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Copyright © 2007 by Codey. All rights reserved.
Editing, web page design, and graphics by Ben W.
I woke up early the next morning. Too early to even consider going to Jeremy’s, but I could hardly hold back from going over. I was as anxious to tell him all about the date as he was to hear it. I kept looking out my window to see if the paper was still on their lot. I figured, if the paper was gone, Mr. Palmer was up at least, and I could go over and wait until Jeremy was awake. Finally, the paper was gone.
I went in their back door and Mr. Palmer was sitting at the table reading and Mrs. Palmer was making coffee. I said hi, as I walked in. Jeremy’s dad grunted good morning but never looked up. Mrs. Palmer looked up, smiled at me, told me good morning, and asked how my date went. “It went great! You give good advice,” I told her, giving her a hug and a kiss on the cheek. “Remind me not to listen to Jeremy or Tommy again.” She smiled and asked if I was hungry. When I nodded, she told me to sit down, that she was getting ready to cook breakfast.
The hospice nurse arrived while we were eating, and Jeremy’s mom went upstairs with her to wake Jeremy. Jeremy’s dad looked at me and smiled. “So the date went okay, huh?”
“Yeah, it was a lot of fun.”
“Good. We appreciate you coming by so we could take part in it. That’s something we’d never have been able to do with Jeremy, even if he hadn’t gotten ill.”
“Because, even if he’d gone on a first date, it would have had to be in secret. Maybe even from us.” I looked a little bewildered and he continued. “Let’s say Jeremy and another gay boy met and, somehow, each discovered the other was gay. We know Jeremy’s gay, but the other boy may not be out to anyone, including his own parents. It would be wrong for Jeremy to tell anyone, including us, that the other boy is gay, so even though it would be a date to them, to everyone else, it would have to appear as just two friends hanging out together.”
“Gay kids are at a disadvantage, when it comes to dating, and it’s not fair. I think this is the reason Jeremy is so excited about your first date. It’s his chance to experience one, with all the trappings, through you.”
I’d never really thought about it before. I guess since I was straight, I’d always just assumed that it was the same with Jeremy as with me, only with a boy. It made sense to me, though. I’d known how Jeremy had felt about TJ all these years, but he couldn’t just ask him out. If he had, he’d have been risking a friendship that meant a lot to him, and possibly been outed at school.
After the hospice nurse left, I went up to Jeremy’s room. Still thinking about what his dad had said, I was determined to tell Jeremy all about the date. But first, I was going to have a little fun. After we’d said hi, he looked at me expectantly. I made up a horror story about how everything had gone wrong and now Jennifer and I weren’t even talking. At first, he looked shocked but as my story grew, he began to look skeptical. “Tony,” he interrupted me.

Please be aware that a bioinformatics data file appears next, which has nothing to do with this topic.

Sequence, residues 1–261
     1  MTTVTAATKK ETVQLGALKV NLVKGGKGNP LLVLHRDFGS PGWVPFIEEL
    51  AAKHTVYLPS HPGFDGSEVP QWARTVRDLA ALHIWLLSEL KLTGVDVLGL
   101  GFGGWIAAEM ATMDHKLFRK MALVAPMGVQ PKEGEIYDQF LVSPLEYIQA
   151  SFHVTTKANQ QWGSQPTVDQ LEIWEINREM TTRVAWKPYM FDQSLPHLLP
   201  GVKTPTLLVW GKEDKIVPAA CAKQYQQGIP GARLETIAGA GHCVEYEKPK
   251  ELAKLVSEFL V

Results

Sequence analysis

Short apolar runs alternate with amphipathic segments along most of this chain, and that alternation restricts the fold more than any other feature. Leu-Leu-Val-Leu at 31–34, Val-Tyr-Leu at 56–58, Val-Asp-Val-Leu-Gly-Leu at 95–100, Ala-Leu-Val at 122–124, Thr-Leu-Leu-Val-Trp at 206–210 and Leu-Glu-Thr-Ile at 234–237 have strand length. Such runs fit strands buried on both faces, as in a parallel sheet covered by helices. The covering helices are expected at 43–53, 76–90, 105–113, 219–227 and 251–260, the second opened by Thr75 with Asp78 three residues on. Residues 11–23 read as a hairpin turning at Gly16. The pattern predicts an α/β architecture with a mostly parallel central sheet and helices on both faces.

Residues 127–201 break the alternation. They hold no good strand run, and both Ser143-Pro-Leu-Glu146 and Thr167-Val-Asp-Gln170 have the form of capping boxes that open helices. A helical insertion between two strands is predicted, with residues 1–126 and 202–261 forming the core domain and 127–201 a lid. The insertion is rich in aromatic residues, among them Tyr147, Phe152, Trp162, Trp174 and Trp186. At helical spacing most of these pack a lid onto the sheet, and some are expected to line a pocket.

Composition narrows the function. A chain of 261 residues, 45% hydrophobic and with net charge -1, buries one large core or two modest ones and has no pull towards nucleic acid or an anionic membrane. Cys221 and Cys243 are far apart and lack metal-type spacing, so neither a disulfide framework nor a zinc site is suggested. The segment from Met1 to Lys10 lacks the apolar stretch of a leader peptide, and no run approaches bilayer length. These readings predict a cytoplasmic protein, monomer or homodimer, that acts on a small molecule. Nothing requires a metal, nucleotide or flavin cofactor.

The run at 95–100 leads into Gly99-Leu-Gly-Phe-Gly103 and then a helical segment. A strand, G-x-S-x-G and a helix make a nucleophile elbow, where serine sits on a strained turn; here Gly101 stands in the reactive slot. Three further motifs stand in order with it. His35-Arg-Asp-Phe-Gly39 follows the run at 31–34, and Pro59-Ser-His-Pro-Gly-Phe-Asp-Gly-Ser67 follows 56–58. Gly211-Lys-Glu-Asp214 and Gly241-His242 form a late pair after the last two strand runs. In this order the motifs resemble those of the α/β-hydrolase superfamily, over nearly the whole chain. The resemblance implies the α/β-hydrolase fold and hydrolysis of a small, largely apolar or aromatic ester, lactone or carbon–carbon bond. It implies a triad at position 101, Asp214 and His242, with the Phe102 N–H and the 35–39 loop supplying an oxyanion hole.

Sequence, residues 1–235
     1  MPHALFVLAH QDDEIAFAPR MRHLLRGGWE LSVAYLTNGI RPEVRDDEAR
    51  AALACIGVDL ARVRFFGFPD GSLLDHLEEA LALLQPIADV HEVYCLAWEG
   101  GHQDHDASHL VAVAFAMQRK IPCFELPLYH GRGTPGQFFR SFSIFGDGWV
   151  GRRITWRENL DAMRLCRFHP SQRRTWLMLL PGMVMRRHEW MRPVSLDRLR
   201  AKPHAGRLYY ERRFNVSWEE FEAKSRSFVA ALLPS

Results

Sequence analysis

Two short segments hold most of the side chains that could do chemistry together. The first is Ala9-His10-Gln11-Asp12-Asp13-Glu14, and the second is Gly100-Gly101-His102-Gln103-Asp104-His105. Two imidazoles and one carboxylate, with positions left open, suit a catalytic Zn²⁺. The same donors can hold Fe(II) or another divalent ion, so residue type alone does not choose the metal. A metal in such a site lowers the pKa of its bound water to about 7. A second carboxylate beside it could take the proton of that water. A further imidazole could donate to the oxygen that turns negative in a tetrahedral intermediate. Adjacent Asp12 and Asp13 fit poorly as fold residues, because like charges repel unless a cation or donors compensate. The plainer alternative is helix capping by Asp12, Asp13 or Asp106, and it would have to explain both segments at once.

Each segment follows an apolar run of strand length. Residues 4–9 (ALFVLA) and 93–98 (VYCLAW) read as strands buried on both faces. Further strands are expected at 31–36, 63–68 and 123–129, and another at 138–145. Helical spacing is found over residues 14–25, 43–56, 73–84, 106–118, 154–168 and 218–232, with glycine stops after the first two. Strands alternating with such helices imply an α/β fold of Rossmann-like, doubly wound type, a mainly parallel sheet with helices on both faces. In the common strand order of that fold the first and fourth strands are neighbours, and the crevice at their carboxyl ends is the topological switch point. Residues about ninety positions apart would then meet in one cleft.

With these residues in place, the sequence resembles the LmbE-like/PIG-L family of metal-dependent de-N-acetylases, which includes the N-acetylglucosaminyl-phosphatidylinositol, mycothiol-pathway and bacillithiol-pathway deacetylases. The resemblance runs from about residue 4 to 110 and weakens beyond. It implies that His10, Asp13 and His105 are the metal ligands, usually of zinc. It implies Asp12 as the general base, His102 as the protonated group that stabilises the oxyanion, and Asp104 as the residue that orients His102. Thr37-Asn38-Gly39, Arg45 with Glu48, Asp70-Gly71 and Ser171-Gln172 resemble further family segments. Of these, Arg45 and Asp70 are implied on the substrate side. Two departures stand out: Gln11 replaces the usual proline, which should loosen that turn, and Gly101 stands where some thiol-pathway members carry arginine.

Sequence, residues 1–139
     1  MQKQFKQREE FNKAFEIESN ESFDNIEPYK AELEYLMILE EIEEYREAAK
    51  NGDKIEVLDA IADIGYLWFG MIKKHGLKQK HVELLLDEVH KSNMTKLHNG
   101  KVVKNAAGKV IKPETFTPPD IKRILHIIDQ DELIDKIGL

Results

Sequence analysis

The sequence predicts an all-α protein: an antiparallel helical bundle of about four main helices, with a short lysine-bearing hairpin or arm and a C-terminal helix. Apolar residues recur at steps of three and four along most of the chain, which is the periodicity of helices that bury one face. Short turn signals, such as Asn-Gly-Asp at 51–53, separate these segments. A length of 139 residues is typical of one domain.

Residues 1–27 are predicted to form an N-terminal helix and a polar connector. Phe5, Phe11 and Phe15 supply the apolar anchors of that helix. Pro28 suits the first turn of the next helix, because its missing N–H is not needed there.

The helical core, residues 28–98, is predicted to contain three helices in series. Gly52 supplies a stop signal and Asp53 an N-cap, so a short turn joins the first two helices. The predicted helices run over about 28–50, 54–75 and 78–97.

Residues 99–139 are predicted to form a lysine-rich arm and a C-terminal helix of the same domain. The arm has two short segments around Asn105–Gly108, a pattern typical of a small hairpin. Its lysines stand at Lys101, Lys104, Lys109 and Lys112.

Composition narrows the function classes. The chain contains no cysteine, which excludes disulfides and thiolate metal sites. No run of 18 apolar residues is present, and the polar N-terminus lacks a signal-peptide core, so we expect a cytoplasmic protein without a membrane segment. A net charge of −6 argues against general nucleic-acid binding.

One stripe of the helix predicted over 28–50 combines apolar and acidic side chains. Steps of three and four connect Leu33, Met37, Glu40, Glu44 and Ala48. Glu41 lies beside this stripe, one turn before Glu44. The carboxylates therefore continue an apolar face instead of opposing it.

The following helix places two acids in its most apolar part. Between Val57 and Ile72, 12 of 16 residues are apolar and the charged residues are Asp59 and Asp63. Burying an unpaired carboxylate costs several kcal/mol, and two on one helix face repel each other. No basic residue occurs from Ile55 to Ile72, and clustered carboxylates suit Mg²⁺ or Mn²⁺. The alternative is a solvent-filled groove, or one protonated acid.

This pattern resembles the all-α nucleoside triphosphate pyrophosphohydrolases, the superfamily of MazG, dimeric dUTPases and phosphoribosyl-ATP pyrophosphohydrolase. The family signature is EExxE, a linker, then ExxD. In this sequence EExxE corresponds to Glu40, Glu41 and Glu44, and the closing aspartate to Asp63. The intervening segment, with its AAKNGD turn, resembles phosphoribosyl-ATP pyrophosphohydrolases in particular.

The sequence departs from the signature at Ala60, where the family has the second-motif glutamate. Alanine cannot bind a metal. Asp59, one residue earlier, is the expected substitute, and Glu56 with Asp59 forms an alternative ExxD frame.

“Cut the crap and start spilling the beans. How did it really go?”
I laughed and decided I’d teased enough. I told him everything. I tried remembering how I felt at the times I was telling him about, so he’d get the full impact of the date. It took me almost as much time to tell him about it as the date itself actually took. When I’d finished the story, he was beaming. “Sounds like it was a lot of fun,” he said.
“Yeah, it was.” We lapsed into silence. I was reliving the night before in my mind when he spoke again.
“Your eyes are twinkling again, Tony. That’s what I wanted to see again before the end.”
The end, when it came, was quick...too quick. Wednesday, we were all at Jeremy’s. Tommy and Silvy were there, as well as Jennifer, TJ and Duane. We spent the evening reminiscing and just hanging out. Jeremy was particularly in a good mood. He was laughing and telling stories about some of the things we’d done, growing up. I didn’t see him doze off one time that evening.
As everyone was leaving, Jeremy seemed to get more and more sad. Finally, it was just Jeremy, TJ, and I. Usually, when TJ left, Jeremy would tell him he’d see him later, but that night, he called TJ over to his bed and reached out and took his hand. “Bye, TJ. Thanks,” Jeremy said.
“Thanks? For what? I haven’t done anything.”
“Yes, you have. You’ve been a great friend for a long time.” I could see a change come over TJ’s face and tears start rolling down his cheeks. I felt like I was intruding on a private moment, so excused myself to go to the bathroom. I went downstairs to get a drink of juice. Jeremy’s mom and dad were sitting at the kitchen table drinking coffee.
“Everyone gone?” his mom asked.
“TJ’s getting ready to leave.”
She nodded. She and Jeremy’s dad had been in and out of his room all evening and had heard several of the stories. I felt both of their eyes on me, and each time I looked at them, they had a smile on their face. “You know, Tony?” she said. “We heard some pretty shocking things tonight. If we and your parents had known about some of the dangerous things the two of you were up to, you’d both have been spending a lot more time grounded than you were.”
“I know,” I answered sheepishly. “That’s why we never told you. “
They both laughed and she got up, came around the table, and hugged me from behind. “You were both good kids and you’ve both turned into good young men. We couldn’t be prouder of either of you, and I know your parents feel the same.”